Naked short selling, or naked shorting, is the practice of short-selling a tradable asset of any kind without first borrowing the security or ensuring that the security can be borrowed, as is conventionally done in a short sale. When the seller does not obtain the shares within the required time frame, the result is known as a “failure to deliver” (“FTD”). The transaction generally remains open until the shares are acquired by the seller, or the seller’s broker settles the trade.
Financial Wire, 5 August 2010
This week, an important online news service released an article that should send shockwaves into our public markets. In very curt form, the article chronicles the many abuses of U.S. public companies by short selling manipulators, particularly through naked short selling and regular and derivative based synthetic shorting. By implication, the article recites the sheer embarrassing ineffectiveness of our regulators, who are engaged in a pattern of systematic conflicts of interest with revolving doors that are a major disgrace to our own government.
These Defendants, acting in the course and scope of their employment by the United States of America as duly authorized Commissioners of the Securities and Exchange Commission, a federal agency, through their acts and omissions knowingly, consciously, wrongly, without compensation and without due process of law have effected a taking of property from each of the named Plaintiffs and all who are similarly situated.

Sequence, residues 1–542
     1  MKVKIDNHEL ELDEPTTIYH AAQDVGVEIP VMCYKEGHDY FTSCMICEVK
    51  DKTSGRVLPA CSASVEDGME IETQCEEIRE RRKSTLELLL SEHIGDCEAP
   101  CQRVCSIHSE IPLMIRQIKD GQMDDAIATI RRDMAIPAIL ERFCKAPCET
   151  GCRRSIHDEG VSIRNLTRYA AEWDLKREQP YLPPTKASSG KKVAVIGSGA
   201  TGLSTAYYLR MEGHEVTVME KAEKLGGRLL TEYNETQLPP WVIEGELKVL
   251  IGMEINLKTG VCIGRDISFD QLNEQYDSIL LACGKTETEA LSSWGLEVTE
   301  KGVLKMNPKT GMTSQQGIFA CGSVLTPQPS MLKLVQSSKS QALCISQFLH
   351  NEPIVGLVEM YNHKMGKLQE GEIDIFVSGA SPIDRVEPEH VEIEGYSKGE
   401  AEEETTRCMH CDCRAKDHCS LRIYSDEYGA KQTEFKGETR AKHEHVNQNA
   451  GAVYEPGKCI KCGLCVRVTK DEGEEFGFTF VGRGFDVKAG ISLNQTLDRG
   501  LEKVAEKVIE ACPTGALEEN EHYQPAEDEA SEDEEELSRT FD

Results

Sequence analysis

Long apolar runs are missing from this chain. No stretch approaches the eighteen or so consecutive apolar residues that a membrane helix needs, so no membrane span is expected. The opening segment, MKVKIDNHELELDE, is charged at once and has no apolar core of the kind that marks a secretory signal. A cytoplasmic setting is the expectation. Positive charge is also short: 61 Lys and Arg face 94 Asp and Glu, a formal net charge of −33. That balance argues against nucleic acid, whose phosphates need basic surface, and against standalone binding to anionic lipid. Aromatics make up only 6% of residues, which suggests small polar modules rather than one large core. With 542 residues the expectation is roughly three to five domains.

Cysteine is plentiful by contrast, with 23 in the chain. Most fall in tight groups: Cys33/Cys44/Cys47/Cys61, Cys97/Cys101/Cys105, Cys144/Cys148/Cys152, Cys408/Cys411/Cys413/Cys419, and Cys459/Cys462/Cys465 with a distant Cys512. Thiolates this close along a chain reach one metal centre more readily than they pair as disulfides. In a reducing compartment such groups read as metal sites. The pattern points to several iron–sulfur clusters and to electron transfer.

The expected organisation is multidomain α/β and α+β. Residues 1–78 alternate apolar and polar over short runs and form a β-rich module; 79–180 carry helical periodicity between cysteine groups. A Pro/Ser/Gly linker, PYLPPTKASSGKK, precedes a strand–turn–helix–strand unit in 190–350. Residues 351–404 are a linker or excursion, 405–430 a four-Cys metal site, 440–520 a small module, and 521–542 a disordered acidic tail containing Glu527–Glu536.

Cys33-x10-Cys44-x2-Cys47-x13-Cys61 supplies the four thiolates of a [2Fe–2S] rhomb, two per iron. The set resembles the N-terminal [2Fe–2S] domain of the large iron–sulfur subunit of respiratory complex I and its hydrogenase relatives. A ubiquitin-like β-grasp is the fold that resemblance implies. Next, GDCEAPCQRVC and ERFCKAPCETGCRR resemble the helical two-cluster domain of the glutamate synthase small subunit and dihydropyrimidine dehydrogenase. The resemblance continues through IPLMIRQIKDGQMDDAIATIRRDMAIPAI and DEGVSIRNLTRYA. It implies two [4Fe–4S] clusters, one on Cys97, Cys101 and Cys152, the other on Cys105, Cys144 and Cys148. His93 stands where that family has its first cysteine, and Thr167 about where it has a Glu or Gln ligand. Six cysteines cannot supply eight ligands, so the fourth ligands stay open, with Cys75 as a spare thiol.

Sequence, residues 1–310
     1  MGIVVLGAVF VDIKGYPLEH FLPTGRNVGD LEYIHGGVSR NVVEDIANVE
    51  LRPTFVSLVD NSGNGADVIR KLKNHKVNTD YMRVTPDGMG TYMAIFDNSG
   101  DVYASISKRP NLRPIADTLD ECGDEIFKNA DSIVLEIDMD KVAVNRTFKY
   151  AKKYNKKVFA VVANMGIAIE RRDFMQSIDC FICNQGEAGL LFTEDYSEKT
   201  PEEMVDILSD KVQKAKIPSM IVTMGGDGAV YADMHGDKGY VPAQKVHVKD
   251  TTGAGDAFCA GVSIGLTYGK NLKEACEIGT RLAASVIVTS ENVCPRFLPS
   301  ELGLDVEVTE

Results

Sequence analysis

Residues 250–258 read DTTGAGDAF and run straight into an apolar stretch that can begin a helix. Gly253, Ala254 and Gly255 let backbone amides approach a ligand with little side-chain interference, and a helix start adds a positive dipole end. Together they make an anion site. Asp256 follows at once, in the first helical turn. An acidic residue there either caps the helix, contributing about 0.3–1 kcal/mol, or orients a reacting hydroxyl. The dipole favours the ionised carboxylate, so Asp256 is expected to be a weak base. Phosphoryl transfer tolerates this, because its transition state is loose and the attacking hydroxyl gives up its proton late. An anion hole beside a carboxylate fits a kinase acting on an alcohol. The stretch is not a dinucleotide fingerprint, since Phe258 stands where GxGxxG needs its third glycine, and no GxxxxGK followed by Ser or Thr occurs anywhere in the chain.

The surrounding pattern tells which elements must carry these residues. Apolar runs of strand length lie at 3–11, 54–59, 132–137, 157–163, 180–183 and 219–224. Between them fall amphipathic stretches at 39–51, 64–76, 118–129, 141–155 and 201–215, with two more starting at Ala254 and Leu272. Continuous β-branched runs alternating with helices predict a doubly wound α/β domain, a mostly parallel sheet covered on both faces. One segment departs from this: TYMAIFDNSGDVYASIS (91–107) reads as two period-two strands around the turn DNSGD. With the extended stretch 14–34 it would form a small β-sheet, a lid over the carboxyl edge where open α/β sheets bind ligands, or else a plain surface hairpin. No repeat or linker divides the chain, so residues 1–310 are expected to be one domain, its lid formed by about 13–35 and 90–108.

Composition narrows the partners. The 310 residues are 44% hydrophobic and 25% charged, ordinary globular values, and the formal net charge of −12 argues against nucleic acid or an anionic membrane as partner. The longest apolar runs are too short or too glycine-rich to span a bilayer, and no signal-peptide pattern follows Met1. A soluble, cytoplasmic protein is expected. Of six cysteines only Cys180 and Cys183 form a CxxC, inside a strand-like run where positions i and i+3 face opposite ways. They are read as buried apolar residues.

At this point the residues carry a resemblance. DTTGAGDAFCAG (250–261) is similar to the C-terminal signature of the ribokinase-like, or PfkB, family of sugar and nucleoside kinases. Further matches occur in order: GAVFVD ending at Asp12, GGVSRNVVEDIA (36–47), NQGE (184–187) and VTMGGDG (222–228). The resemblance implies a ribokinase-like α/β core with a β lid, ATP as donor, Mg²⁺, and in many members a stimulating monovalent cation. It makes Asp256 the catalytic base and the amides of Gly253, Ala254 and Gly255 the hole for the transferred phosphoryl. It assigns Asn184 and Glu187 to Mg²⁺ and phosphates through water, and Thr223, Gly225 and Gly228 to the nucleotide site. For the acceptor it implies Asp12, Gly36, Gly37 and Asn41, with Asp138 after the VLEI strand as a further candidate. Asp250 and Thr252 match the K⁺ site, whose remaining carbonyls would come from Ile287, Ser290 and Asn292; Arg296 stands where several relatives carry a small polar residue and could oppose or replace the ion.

PDF (18 Pages): CMKM Lawsuit Against the SEC 9 January 2010
Congressional Research Service, 31 July 2009
Until the current financial crisis, the SEC did not view short selling of large, blue-chip stocks as a problem. In July 2008, however, the SEC temporarily banned naked short sales of the stock of Fannie Mae, Freddie Mac, and 17 other large financial institutions. On September 18, 2008, the SEC banned all short selling of the shares of more than 700 financial companies in an emergency action that expired on October 8, 2008. On October 1, 2008, the SEC adopted an interim rule requiring short sellers’ brokers to actually borrow shares to deliver to buyers, within one day after the expiration the normal three-day settlement time frame. The rule was made permanent on July 27, 2009, and it applies to all stocks. This report will be updated as events warrant.
PDF (10 Pages): Paper CRS Regulation on Naked Short Selling
Forbes, 24 March 2009
My, oh my. Here is a shocker. James Chanos, the billionaire short-seller, opposes any reforms that would tilt the stock market away from shorting selling. Here is his argument. Not surprisingly, Chanos, whose firm Kynikos means “cynic” in Greek, leaves out all the recent history that has made short-selling so lucrative. Such as: